Henry- “I spend a lot of time listening to music. I have been working between shows to make some money. I love to sleep as well *laughs*. One thing I have taken up more recently is mixing drum and bass sidetracks and stuff, like EDM stuff. It is pretty popular in New Zealand and the UK. I have naturally gone into that because it is just finding the beat in a song and being able to match things up.”
That sounds like it would be fun. October is coming up! Are you guys horror fans?
Henry- “I do like a bit of horror. I am more into sci fi horror like the Alien franchise and Event Horizon, things like that.”
Event Horizon is terrifying. I saw it the theatre cried myself out of there.
Henry- “Yeah it is a cult classic now. You look back on it and it still looks fantastic today.”
I need to hype myself up to watch it again. How about you Lewis? Do you enjoy scary movies?
Lewis- “Yeah, I’m a big fan. When I was younger there were some movies that scared me but I struggle to find ones that really, truly terrify me, but when I do find one it is always enjoyable and memorable. Like Henry said, big fan of the Alien movies. I wouldn’t really call this one horror, but Ex Machina had some horror elements to it.”
Henry- “More of a psychological..”
Lewis- “Psychological horror yeah.”
Henry- “It has a sci fi thriller vibe to it. With movies I generally go more toward psychological stuff. When movies rely on jump scares, you can only watch so many movies with a bunch of jump scares, and it is like, ‘Ok’.”
Do something new. I am the same, I enjoy the psychological thriller/horror movies more. Oculus and 1408 or two of my favorites.
Henry- “I am going to write those down. Wicked.”
*We, of course, discussed The Hobbit and Lord of the Rings quickly. Also, how beautiful New Zealand is.*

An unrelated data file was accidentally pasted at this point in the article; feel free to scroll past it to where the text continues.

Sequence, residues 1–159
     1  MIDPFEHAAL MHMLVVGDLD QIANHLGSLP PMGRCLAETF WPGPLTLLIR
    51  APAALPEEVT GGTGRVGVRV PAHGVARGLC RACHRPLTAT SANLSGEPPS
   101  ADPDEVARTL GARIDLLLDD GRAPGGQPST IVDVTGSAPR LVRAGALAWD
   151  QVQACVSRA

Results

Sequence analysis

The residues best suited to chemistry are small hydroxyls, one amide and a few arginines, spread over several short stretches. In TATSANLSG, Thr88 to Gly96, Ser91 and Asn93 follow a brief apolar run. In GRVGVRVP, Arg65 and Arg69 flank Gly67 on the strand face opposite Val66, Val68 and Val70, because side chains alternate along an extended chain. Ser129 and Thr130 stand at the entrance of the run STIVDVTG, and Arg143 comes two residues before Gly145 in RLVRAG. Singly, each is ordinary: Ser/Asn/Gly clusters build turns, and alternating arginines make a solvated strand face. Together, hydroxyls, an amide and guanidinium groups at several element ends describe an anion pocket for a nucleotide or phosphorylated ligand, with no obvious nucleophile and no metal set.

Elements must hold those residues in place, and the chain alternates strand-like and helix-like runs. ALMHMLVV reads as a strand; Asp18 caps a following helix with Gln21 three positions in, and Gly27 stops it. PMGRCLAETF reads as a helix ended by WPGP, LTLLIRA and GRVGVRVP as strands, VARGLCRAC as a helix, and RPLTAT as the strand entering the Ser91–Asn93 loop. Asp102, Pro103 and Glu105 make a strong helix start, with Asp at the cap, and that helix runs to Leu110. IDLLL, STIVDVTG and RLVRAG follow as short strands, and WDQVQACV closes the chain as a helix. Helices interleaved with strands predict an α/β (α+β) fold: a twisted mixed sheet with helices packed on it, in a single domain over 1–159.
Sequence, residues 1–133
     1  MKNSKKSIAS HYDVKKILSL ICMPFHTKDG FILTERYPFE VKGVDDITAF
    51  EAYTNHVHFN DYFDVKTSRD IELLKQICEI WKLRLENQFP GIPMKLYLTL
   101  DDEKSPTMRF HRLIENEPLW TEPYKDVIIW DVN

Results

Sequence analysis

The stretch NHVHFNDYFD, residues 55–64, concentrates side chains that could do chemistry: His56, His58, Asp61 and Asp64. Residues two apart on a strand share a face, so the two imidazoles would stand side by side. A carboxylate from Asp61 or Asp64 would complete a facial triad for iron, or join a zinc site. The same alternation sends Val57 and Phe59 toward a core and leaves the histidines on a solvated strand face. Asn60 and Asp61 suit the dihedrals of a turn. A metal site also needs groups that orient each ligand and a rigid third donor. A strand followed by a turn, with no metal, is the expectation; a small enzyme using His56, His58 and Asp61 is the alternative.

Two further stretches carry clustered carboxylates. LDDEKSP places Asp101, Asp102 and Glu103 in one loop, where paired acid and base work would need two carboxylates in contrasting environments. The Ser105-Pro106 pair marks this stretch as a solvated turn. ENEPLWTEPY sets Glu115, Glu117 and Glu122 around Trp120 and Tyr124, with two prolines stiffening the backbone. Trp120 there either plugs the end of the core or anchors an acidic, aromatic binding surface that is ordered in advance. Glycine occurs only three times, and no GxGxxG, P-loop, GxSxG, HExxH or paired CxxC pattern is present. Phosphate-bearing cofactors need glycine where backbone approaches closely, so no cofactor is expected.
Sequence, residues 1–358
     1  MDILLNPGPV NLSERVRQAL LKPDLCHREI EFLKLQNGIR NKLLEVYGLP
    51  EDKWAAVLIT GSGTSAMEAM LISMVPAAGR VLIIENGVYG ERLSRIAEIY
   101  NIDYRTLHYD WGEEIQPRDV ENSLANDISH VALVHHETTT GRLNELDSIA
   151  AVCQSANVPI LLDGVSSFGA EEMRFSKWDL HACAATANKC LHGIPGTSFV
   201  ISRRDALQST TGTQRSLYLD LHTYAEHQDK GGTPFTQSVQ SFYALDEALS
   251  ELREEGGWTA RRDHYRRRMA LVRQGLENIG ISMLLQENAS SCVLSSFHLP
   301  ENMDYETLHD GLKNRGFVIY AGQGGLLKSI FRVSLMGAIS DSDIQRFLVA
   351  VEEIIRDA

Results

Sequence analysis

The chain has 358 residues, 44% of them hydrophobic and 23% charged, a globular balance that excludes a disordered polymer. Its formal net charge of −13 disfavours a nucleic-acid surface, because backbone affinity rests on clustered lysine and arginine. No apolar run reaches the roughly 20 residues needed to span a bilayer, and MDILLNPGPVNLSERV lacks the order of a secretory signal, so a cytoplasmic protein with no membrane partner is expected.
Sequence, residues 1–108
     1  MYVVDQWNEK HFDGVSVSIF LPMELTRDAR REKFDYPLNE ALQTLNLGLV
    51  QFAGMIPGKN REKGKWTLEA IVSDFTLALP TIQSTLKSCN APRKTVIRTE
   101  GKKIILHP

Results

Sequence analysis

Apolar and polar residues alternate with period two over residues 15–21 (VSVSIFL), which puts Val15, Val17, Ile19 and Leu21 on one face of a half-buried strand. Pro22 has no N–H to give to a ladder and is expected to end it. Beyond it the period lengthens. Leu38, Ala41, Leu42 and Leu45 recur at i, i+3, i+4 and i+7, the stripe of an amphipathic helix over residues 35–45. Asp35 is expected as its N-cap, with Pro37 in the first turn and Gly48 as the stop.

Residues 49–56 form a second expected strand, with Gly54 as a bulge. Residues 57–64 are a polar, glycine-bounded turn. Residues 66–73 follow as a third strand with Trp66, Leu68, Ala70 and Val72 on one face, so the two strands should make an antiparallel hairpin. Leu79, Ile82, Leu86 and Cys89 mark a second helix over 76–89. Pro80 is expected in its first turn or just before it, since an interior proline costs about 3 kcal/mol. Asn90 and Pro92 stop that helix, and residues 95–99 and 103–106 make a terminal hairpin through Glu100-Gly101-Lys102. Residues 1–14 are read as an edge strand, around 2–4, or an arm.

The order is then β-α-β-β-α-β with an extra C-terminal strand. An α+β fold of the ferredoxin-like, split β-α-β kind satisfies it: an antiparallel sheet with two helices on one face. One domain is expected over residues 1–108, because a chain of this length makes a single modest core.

What do you feel the rest of the world can learn from New Zealanders?
Lewis- “How to chill! *laughs*”
Henry- “New Zealanders have almost a humility about them. They are very conscious of the way they treat other people and conscious of the fact that everything you are going to do is going to affect people in some way. Which is why people are happy here. We were taught to always be considerate. It is something we see when we go overseas, but not as much. Other places sometimes feel like the mentality is, ‘It’s all about me,” more than considering how what your doing could be affecting other people. There is also a huge part of New Zealand that has kind of adopted the Maori ideals as well and I think that is where the humility comes from as well as the respect for the environment and the land that we live on. I think there is a lot to be learned from our culture over here, and we are still definitely trying to improve and get it more Maori. *laughs*”
I like that. I know the States can learn a lot and I hope some of that has a trickle-down effect. It is very needed right now.
Henry- “I will tell you what, some of the most kind and considerate people we know, people we have worked with or met in the States, you definitely do have some amazing people over there.”
That is good to hear. I know that, but sometimes I forget when things are crazy. Thank you for taking the time to talk with me, I know you guys have been hounded with interviews lately.
Henry- “I got to say, the interview kept me awake *laughs*. Thank you for that. Thanks for the awesome questions.”
*laughs* I am glad for that. I can’t imagine having to answer the same questions over and over a million times. It would drive me mad.
Henry- “We definitely have had some interviews where we are trying to stay awake, Lewis did actually fall asleep in one.”
Lewis- “I fell asleep, then I woke up and tried to play it off like it didn’t happen, but the interviewer knew what happened *laughs*.”
If you have not already ventured into Alien Weaponry, I highly suggest you do now. Between the cultural aspects, the insight, the earth-saving messages, and the shattering musical output, you will be quick to fall into metal heaven, as you go down the rabbit hole of the monumental music and insanely beautiful videos. Tangaroa brings on a new level, with progressive riffs and staggering drum beats. Make sure you take the time to listen, share, and buy merch from this incredibly talented three-piece.